I’m posting Omar’s article as part of my preparation for a panel on “Alternative Careers for CFA Charterholders” to be presented to the Boston Security Analysts Society on January 14, 2009.

Here’s Omar’s advice.

1. Choose your work carefully: Part of being a good writer is choosing the right businesses and people to work with. There are a lot of fly-by-night operations that want text to fill space. While they might pay the bills, they won’t further your professional development.

2. Get a proofreader: No one is perfect—not even CFA charterholders. Having a second pair of eyes before you submit your work is always smart. Find a reasonably priced person via Craigslist.

3. Know your audience: Be able to differentiate between unsophisticated audiences (where “standard deviation” is too technical a term to use), semi-sophisticated audiences (where “standard deviation” needs no further explanation) and sophisticated audiences (where “standard deviation” is an incomplete view of risk).

4. Get paid by work, not by hour: Firms will want to pay you by the hour. But you should push to be paid a flat rate for your work. This doesn’t always mean you’ll get more. But over time, you’ll be more efficient and productive as a result. Plus, you won’t need to keep tabs on every minute you’re working versus checking e-mail.

5. Seek contracts: Monthly and quarterly newsletters and reviews are an excellent way to get your hands on steady income.

6. Network with other writers: There are many fish in the sea and writing as a CFA charterholder doesn’t mean you’re taking away business from a fellow CFA charterholder. Sometimes clients will come to you with requests that you’re unwilling or unable to do. Being able to pass that work onto other contacts means your client feels his/her needs are being met by you. Do it often and others will return the favor.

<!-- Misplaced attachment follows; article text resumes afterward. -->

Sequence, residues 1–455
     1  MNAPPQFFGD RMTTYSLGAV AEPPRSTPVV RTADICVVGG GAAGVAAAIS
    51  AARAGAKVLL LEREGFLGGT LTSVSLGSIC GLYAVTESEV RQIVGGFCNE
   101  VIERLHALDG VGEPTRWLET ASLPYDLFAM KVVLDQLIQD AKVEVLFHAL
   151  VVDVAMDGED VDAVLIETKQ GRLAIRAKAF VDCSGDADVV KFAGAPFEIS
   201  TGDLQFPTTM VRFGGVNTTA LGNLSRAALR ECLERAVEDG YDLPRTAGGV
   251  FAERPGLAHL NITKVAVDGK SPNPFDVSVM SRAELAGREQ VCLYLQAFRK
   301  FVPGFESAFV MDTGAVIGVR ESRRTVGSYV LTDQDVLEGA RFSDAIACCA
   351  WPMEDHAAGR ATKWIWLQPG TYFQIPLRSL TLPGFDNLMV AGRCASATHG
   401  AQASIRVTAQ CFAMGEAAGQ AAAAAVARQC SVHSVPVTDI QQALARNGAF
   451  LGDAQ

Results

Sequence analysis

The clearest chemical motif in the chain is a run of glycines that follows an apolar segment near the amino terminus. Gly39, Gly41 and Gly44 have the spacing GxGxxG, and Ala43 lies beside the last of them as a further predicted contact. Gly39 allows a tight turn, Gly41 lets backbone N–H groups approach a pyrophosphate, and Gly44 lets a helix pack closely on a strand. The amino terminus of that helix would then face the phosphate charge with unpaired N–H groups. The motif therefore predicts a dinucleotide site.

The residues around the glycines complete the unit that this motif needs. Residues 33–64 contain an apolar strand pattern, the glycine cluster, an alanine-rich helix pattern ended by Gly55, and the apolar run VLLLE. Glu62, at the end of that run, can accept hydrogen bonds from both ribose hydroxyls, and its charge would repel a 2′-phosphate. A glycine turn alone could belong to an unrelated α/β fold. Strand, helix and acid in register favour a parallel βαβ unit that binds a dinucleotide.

7. A CFA charter does not mean you know everything
: If you’re an expert in equities, you may find navigating fixed income waters tough. Make sure you thoroughly understand what you’re getting into before you agree to do a job.

8. Have a contract: Approach writing as you would any other business. Have a contract in place for every writing job which explains  your responsibilities, your contractor’s expectations, delivery schedules, terms of cancellation and prohibition of passing your work on to other parties. Besides protecting your interests, a contract will flash a signal that you’re a professional writer.

9. Seek out non-traditional clients: Realize that your easiest business may come from non-traditional clients. “Traditional clients” may be mutual funds, financial advisors and institutional asset management firms. Non-traditional clients include trade groups with pension plans, foundations, endowments and other less sought after institutions.

10. Punctuality is everything: Don’t view your text as the finish line for your contractor. Your work will likely be checked by senior staff or formatted for e-mailing or printing—all things based on firm schedules. Treat your work as a business. Being late means being unreliable—no matter how great the final text may be.